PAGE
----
Council criticizes pass-through rule
- By Alice Lipowicz
- Jul 16, 2008
The Defense Department’s second interim rule to restrict excessive pass-through charges on contracts is better than the first such rule a year ago, but it still needs work, according to the Professional Services Council (PSC).
The PSC, a national trade association for service contractors, said the rule could be a burden for subcontractors. Pass-through charges come when prime contractors bill agencies for work that subcontractors perform, adding a fee on top of the subcontractor's bill.
“There are still significant inconsistencies in this second rule and further improvements and clarifications that should be made,” Alan Chvotkin, executive vice president of the council, wrote on July 14 in a letter to the Defense Federal Acquisition Regulations System.
DOD is charged with implementing a statutory requirement to prevent the department from paying excessive pass-through charges on defense contracts. The statutory requirement limits the charges that DOD can pay as added fees when the prime contractor doesn't add value to the subcontractor's work.
Under the National Defense Authorization Act for Fiscal Year 2007, DOD is required to issue regulations to make sure that pass-through charges on contracts and subcontracts are not excessive in relation to the cost of work performed. The first interim rule was published in April 2007 and the second this May.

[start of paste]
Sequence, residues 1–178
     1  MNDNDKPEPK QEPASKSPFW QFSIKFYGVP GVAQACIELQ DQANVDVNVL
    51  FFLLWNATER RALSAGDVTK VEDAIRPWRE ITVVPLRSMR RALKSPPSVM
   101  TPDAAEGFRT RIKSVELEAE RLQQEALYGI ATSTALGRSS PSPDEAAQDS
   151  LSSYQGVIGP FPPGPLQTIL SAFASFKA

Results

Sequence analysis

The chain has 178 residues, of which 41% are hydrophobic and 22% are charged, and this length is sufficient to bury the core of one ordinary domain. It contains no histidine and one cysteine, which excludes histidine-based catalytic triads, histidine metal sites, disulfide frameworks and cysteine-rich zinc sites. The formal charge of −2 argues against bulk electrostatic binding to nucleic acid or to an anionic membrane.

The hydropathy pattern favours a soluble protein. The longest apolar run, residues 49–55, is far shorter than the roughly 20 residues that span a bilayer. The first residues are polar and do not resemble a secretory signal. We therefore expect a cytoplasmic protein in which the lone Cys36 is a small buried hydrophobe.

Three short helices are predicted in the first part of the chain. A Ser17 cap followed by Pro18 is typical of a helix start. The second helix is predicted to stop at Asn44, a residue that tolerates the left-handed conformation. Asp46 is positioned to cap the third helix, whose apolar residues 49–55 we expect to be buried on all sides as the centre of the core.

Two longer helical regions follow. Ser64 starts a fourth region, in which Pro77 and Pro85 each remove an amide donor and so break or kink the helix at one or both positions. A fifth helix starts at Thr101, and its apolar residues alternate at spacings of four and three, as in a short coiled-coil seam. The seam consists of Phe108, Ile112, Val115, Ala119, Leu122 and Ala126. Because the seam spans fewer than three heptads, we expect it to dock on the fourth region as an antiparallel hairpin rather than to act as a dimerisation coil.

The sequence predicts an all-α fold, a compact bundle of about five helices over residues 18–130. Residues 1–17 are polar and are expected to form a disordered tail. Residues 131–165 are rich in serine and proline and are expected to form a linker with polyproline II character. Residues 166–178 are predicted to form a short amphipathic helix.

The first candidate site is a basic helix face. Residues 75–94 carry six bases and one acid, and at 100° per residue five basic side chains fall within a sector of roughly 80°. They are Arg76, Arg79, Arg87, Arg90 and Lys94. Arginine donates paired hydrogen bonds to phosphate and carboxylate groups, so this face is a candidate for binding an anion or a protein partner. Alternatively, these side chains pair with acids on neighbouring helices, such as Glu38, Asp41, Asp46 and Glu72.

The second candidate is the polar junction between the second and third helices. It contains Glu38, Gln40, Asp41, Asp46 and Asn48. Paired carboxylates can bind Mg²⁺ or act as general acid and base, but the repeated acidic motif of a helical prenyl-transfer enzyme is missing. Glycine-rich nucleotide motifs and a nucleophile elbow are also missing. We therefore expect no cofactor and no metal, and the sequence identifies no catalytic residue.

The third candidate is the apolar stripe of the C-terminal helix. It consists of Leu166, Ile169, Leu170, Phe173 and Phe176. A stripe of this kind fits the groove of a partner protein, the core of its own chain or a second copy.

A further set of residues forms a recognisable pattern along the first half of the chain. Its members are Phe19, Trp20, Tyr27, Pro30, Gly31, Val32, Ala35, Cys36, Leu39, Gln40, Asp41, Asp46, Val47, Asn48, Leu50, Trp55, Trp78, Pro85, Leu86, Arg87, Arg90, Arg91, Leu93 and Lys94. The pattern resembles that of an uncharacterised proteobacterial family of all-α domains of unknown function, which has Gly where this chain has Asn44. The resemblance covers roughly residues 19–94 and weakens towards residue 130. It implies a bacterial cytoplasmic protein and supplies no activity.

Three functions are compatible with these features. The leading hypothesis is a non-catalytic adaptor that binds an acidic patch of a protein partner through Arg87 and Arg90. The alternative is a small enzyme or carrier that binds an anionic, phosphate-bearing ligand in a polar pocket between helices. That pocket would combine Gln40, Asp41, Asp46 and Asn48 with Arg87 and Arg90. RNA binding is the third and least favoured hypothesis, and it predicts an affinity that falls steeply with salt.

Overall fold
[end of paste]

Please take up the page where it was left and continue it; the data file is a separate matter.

The second rule clarifies exclusions for firm fixed-price contracts and strengthened its definitions for terms, Chvotkin wrote. However, more changes are needed, he added.
The council is recommending changes to the solicitation provisions and contract clauses; further clarifications and modifications to definitions of critical terms; further clarifications on the reporting mechanisms for contractors to notify contracting officers of potential excessive pass-through charges; improvements to the rules by which excessive charges may be recouped; and clarifications to provisions that state which subcontracts may be eligible for a an exemption from a clause of the rule.
In addition, Chvotkin raised a question about recommendations issued in January by the Government Accountability Office in regard to DOD's ability to assess the risk of excessive pass-through charges for subcontracted work.
“Where, when or how will DOD implement these GAO recommendations?” Chvotkin asked in the letter.
In addition, the council said it appreciates a statement included in the supplementary information accompanying the second interim rule in which it is declared that there is no intent to disrupt the subcontracting process.
“The department has numerous other inconsistent policies that support or oppose subcontracting activities,” Chvotkin wrote. “Although this important sentence is not included in the text of the regulation, we trust that this sentence will guide the department’s implementation of this regulation.”
Alice Lipowicz is a staff writer covering government 2.0, homeland security and other IT policies for Federal Computer Week.